Four years ago: Parmesan Black Pepper Crackers
Three years ago: French Onion Soup
Two years ago: Barley Marmalade Scones
One year ago: Shaker Lemon Pie
Other Irish and Irish-ish recipes for the season: Classic Irish Soda Bread, Guinness Stout Ice Cream Floats, Irish Oatmeal Pudding, Soda Bread Apple Tarte Tatin, Corned Beef & Potato Pancakes, Chocolate Banoffee Tart, Irish Whiskey Cakes, Reuben Knishes
BROWN BREAD ICE CREAM WITH WHISKEY RAISINS
About 1 ¼ quarts – adapted from David Lebovitz who partially adapted a recipe from Tartine
For the ice cream base:
1 cup whole milk
1 ½ cups heavy cream, divided
1/3 cup sugar
1/3 cup light brown sugar
pinch of kosher salt
8 ounces sour cream or plain yogurt
5 large egg yolks
½ teaspoon vanilla extract
1 Tablespoon Irish whiskey
For the caramelized breadcrumbs:
1-2 slices of brown bread (about 4 ½ ounces)
1 ½ Tablespoons unsalted butter, salted or unsalted
¼ cup granulated sugar
½ teaspoon ground cinnamon
good pinch of kosher salt
Irish Whiskey raisins:
¼ cup golden raisins
2 Tablespoons Irish Whiskey
- for the ice cream base: in a medium saucepan over medium, heat the milk, ½ cup of the heavy cream, sugar and salt until the sugar dissolves.
- Pour the remaining 1 cup cream into a medium-sized bowl and whisk together with the sour cream (or yogurt). Set a mesh strainer over the top and set aside.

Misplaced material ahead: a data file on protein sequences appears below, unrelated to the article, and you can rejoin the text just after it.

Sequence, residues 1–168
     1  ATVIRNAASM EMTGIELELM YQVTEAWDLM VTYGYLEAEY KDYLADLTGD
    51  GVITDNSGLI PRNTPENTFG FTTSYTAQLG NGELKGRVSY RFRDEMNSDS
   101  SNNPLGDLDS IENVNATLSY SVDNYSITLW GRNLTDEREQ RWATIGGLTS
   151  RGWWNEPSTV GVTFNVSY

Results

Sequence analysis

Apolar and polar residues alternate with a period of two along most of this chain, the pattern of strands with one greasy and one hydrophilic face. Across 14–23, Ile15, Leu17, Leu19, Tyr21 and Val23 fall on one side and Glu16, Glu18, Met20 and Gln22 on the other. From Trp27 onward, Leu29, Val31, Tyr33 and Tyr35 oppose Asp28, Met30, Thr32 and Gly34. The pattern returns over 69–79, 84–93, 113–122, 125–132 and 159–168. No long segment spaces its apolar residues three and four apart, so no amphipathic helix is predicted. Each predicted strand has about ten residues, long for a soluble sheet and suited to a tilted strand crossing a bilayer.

- In a separate bowl, whisk together the egg yolks.
- Gradually pour some of the warm milk mixture into the yolks, whisking constantly. Scrape the warmed yolk/milk mixture back into the saucepan.
- Cook over low heat, stirring constantly and scraping the bottom with a heat-resistant spatula, until the custard thickens enough to coat the spatula.
- Strain the custard into the heavy cream and sour cream to remove any cooked eggy bits and stir until smooth then stir in the vanilla and whiskey.
- Refrigerate until thoroughly chilled, preferably overnight.
- To make the brown bread crumbs: preheat the oven to 350ºF.
- Crumble the bread into small, bite-sized pieces. They should be fairly small, no larger than a corn kernel.
- In a large skillet, heat the butter until it just begins to brown.
- Remove from the heat and stir in the breadcrumbs, ¼ cup sugar, cinnamon and salt.
- Spread the mixture on the sheet pan and bake for 20-30 minutes, stirring a few times during baking, until well-toasted to a deep, dark brown shade. They’ll look a lot like Grape Nuts.
- Cool completely, You’ll need a generous ½ cup for the ice cream. Crumbs can be made 2-3 days in advance if kept tightly covered.
- For the whiskey raisins: in a small saucepan, bring the raisins and 2 Tablespoons of whiskey to a boil. Remove from the heat and immediately cover tightly with plastic wrap – don’t worry, it won’t melt rather it will create a crazy vacuum seal.
- Let the raisins infuse, soak up all the whiskey and cool completely. Can be done 1-2 days in advance.
- For the ice cream: When the custard base if chilled, process in your ice cream maker according to the manufacturer’s instructions.
- Once churned, quickly fold in the caramelized breadcrumbs and the cooled whiskey soaked raisins then store the ice cream in the freezer until firm and ready to serve.